BOOK REVIEW: 'Gutbliss': A Physician Examines the Real Reasons Why Gastrointestinal Problems Afflict Women

Reviewed by David M. Kinchen
BOOK REVIEW: 'Gutbliss': A Physician Examines the Real Reasons Why Gastrointestinal Problems Afflict Women

"All disease begins in the gut" -- Hippocrates

If you're a woman suffering from bloating, indigestion, constipation and other gastrointestinal ailments, the problem is probably tied directly to the food you eat, says Dr. Robynne Chutkan in "Gutbliss: A 10-Day Plan to Ban Bloat, Flush Toxins, and Dump Your Intestinal Baggage" (Avery, a member of Penguin Group (USA), 304 pages, $26.00).


She says that, if you're feeling "sad" about your intestinal health, the culprit may be the Standard American Diet (SAD) of foodlike substances masquerading as real food. Although the book is aimed specifically at women, men will benefit from her dietary advice. I've already changed some of my eating habits after reading "Gutbliss."

Before I saw the book, I had already cut way back on some of the dairy products I had previously enjoyed, including cheese and yogurt. My next goal is to eliminate products containing gluten. I wondered why men and women differ on gastrointestinal issues, and Dr. Chutkan explains on Pages 28-29 that women have colons that are four inches longer than men and are more likely than men to be constipated.

In addition to quoting Hippocrates with the remark about disease that I've used in the epigraph, Dr. Chutkan quotes him again on Page 183: "Let food be thy medicine and medicine thy food."     We've been lied to by so-called experts for generations about food. Dairy products are on Dr. Chutkan's list of foods to avoid, (Pages 193ff). If you think you can avoid dairy by using soy products, think again, she says. Almond milk, which I've  been using to replace soy milk, is a good choice, providing it's not artificially sweetened, she says.     Here's a list of six items to avoid (Page 227): soy, artificial sweeteners, dairy, gluten, sugar and alcohol. (I'm still going to have my nightly glass of wine and an occasional beer, but if you're a woman, it might be best to avoid either wine or beer).  

Dr. Chutkan says -- and she profiles real people from her practice to back up her writing -- that most "cures" for women’s bloating and indigestion, from juice cleanses to specialty diets, are based on junk science. For women seeking true relief from that overall feeling of discomfort in any size jeans, Dr. Robynne Chutkan has the perfect plan for feeling light, tight, and bright in ten days. Gutbliss offers:


  • A primer on the real reasons for gastrointestinal distress, and why it’s much more common in women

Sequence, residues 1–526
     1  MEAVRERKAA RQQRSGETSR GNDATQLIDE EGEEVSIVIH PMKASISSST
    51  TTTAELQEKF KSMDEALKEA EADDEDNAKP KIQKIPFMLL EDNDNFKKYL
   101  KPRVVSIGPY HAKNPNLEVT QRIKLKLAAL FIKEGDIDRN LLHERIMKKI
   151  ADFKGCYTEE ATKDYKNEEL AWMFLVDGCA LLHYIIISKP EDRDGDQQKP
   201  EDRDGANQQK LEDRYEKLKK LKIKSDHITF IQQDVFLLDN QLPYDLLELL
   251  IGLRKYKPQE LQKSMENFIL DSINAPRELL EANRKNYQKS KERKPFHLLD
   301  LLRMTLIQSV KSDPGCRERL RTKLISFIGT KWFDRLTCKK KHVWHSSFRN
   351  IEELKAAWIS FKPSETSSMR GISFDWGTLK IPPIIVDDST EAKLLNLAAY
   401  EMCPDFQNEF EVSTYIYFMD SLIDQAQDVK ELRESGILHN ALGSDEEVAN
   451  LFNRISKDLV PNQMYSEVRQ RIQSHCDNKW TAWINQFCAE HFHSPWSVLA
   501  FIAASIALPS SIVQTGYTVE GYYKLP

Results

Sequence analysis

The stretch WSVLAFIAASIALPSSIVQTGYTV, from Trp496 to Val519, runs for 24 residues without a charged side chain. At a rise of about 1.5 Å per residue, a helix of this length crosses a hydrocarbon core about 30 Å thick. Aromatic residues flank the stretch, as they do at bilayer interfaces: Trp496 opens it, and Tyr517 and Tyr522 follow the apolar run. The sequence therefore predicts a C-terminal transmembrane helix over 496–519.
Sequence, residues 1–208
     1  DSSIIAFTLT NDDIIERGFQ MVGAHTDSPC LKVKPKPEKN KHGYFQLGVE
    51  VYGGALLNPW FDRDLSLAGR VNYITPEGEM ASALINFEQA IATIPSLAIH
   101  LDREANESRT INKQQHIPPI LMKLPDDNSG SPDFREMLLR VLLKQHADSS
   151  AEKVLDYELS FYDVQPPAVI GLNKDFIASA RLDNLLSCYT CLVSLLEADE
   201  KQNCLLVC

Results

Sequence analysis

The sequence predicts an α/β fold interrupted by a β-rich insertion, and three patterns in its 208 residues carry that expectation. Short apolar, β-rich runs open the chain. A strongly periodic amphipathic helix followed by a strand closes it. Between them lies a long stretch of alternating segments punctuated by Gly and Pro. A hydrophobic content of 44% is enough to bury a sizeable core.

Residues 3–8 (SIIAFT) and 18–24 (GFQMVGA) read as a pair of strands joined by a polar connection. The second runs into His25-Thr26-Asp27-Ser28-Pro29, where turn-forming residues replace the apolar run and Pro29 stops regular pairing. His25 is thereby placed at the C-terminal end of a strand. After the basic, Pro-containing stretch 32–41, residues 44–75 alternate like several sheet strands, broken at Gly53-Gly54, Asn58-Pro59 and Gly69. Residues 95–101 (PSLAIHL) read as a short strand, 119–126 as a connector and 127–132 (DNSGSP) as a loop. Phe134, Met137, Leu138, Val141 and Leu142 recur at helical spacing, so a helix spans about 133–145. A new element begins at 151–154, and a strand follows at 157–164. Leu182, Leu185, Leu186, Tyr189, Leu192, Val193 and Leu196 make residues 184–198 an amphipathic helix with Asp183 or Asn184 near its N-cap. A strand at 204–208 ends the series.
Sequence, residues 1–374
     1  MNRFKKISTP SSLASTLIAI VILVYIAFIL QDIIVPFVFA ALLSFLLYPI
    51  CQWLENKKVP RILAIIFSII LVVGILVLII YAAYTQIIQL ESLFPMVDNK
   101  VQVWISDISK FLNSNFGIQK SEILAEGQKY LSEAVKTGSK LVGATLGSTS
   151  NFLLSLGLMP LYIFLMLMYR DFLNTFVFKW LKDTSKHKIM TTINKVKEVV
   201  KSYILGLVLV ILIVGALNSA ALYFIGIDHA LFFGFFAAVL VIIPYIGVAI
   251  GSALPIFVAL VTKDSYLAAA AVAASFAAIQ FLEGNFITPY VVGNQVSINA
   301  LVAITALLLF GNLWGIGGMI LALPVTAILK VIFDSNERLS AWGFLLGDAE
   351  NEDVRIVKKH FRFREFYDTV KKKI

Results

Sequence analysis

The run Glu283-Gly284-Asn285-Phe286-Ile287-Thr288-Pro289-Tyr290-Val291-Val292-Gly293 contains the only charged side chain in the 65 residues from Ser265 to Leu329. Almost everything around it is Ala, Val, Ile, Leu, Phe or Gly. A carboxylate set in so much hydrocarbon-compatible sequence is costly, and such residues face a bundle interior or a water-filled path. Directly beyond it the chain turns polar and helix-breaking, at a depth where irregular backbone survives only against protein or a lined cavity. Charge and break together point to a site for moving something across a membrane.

• A look at the debilitating side effects of supposedly healthy habits—from Greek yogurt to bloat-inducing aspirin
  • An expert analysis of symptoms that could indicate a serious underlying condition
  • An indispensable checklist to pinpoint the exact cause of your bloating


Dr. Chutkan writes that just a few small changes in diet, lifestyle, and exercise can make a huge difference in a woman’s digestive health -- but the changes have to be the right ones. 

 

Summing up, "Gutbliss" helped me understand ailments like diverticulosis and its more severe relative diverticulitis that two people I know have suffered from -- along with many other ailments and diseases. Our over-processed "frankenfood" is to blame for many ailments, and Dr. Chutkan provides easy-to-follow recipes to get back on the right  dietary path.

 

Coincidentally, after finishing the book, I saw an NPR review of a book by Daniel Lieberman, "The Story of the Human Body" that lends support to Dr. Chutkan's observations that "primitive" people who eat a lot of fiber and nonprocessed foots have far fewer gastrointestinal problems that those in "advanced" countries like the U.S. Lieberman says -- in a book I'm going to look up -- that our stone age bodies have to struggle with modern foods --- Dr. Chutkan would put them in the SAD category -- that cause many of our problems, including cancers and heart disease: Link: http://www.npr.org/2013/09/30/227777434/how-our-stone-age-bodies-struggle-to-stay-healthy-in-modern-times

   About the Author
Robynne Chutkan, M.D., FASGE, is one of the world’s leading gastroenterologists and has been widely featured in the media, including frequent appearances on The Dr. Oz Show. She is the founder of the Digestive Center for Women and a faculty member at Georgetown University Hospital in Washington, D.C. Her website: www.robynnechutkan.com  
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